You can use Consumer Reports, a lot of cases you’re reading reviews, where they’re linking to for sale sites, and they might be getting a better commission from some places than others. So you do have to be careful. I do think though, there’s a mindset that a lot of people have They want to have the hot brand and that Peloton is the hot brand. They also survived the backlash of being the sort of like rich good looking white people brand and that you know we had that whole controversy it was last Christmas.

It was two Christmases ago where a very fit woman got a peloton and then like you know, showed how in shape she was getting when of course she was in shape in the first place. We saw them get through that and the power of the brand. All the jokes about you have to be overlooking some beautiful vista you know to place it in your house and buy a peloton. I do think they’ve become sort of an approachable luxury brands like Apple but srimathi asks, an important aspect to remember is that the service revenue isn’t tied to the hardware. I personally went with a cheaper competitor bike Bowflex, but I’m a happy monthly subscriber to peloton for the classes. I think this is an important point. You can buy a cheaper bike and still use the peloton app. It’s not as integrated. Some of the features don’t work, but I could see the logic of doing that. And then we’re gonna move to a really important point from my friend Sam metiria. Sam is actually probably my my longest colleague in the financial space we go back to before I was at The Motley Fool.

I think you’re looking at the price wrong. peloton isn’t an 18 $100 bike versus a $700 bike. It’s a $60 a month plus subscription cost Echelon subscription is the same price. I do think the Android Android iPhone comparison is accurate. I thought wrongly that people would buy the $400 phone over the $1,000 phone. The reason I was wrong because it’s not $1,000 phone it’s $30 a month. It’s the same logic car dealers use. You know with a what monthly payment can you afford? Manisha? I think this is a good point? How many times do we buy something where we don’t really think about the total cost? Like I know, when you buy a house? You don’t really think of it as $325,000 you think of it as $1,300 a month or whatever the number is. Is this something? Do you think that this leads a lot of people to buy a eloton?

Manisha Samy  12:03

I think so, if I was thinking about total costs, and just oh, this is all in paying for a month, I’m thinking I spend you know, how many, you know, 10s of dollars, am I or like probably $40 a week on just Starbucks. So then this is nothing, or then Spotify and Netflix combo combined. Okay, well, that’s essentially or, you know, add on another subscription service. So that makes it seem cheaper.

Dan Kline  12:28

I think it does. It’s also something though, that I’ve personally taken an inventory of, because I know I had bought five or six different things on, you know, let’s call them installment plans, you know, 0% interest, you’re paying $60 a month, whatever it is, like, we just got the new Xbox, and it’s whatever it is 2999 a month for two years, and you get game pass. And I feel like I’ve saved the money in the fact that I’m not buying my son a new $60 game every month.

But we really went through and looked at our subscriptions to figure out like, okay, we have a subscription to this is someone in the house using it. And I’ve actually paid for a couple of things upfront fully, because it’s like, if you keep buying things at 20 3040 $50 a month, and then all of a sudden you have like 15 of them, that becomes a meaningful amount of money. Now, of course, many of these things are 0%, if you pay them at once, like when I got my laser eye surgery, we financed it because we have an HSA. And it’s a little complicated because they don’t take payment directly from the HSA. So we have to do a really complicated reimbursement tax form kind of thing. But that being said, I’m making payments big enough.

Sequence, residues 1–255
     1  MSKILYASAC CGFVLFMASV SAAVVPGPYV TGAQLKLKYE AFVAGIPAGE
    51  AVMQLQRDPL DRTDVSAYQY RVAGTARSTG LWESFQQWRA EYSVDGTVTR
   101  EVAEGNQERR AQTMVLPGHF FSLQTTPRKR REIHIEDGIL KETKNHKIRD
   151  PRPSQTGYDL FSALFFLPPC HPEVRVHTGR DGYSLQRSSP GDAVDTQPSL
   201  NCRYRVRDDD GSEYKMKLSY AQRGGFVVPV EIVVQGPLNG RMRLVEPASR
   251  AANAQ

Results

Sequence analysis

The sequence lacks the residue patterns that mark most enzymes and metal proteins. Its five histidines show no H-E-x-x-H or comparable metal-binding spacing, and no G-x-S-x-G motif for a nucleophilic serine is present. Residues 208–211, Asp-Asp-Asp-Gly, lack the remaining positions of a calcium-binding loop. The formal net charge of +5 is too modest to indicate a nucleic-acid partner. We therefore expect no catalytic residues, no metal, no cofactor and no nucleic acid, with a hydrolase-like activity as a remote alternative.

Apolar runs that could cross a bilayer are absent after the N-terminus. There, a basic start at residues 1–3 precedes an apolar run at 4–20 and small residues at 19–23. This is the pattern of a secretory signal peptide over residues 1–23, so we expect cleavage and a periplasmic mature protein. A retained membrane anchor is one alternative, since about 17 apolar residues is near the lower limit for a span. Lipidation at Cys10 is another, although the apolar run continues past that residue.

So I will pay it off while at 0% interest, why give the company the money for that period of time when I can, you know, finance it and pay it off through my wife’s office funded HSA. So really it’s no cost to me, but I do think you need to be careful we got one more Twitter comment here and then we’re going to go to some of your questions and comments. Mark that’s at the mark cook asked Daniel Would you rather have Lululemon or Gap, a MacBook or a Dell, a Porsche or a Toyota being chained by celebrity trainers or average people they’re only celebrity trainers because they have an audience on peloton it’s not like peloton went out and got you know, Tony little or the I can’t even think who would be a celebrity trainer these days but you know when they’re not actual celebrities they’re peloton world celebrities. They’re kind of like the MTV VJ of the peloton, you know of the peloton world.

But let me ask Manisha the question because there are areas where I’m snobby I will go to stop Starbucks over a lesser coffee place also go to a nicer coffee place over a Starbucks. I will buy Apple products over Dell products. But I’ll absolutely shop at the Gap. I don’t even know where I shop. I just buy like wherever has like black shirts cheap. I will definitely I drive a 2014 Toyota that I just bought. It’s actually older than my previous car. So is there a little bit of a snob factor in that I bought a Prius like Yeah, maybe. But I don’t know. I think this is different for everyone Manisha your thoughts here.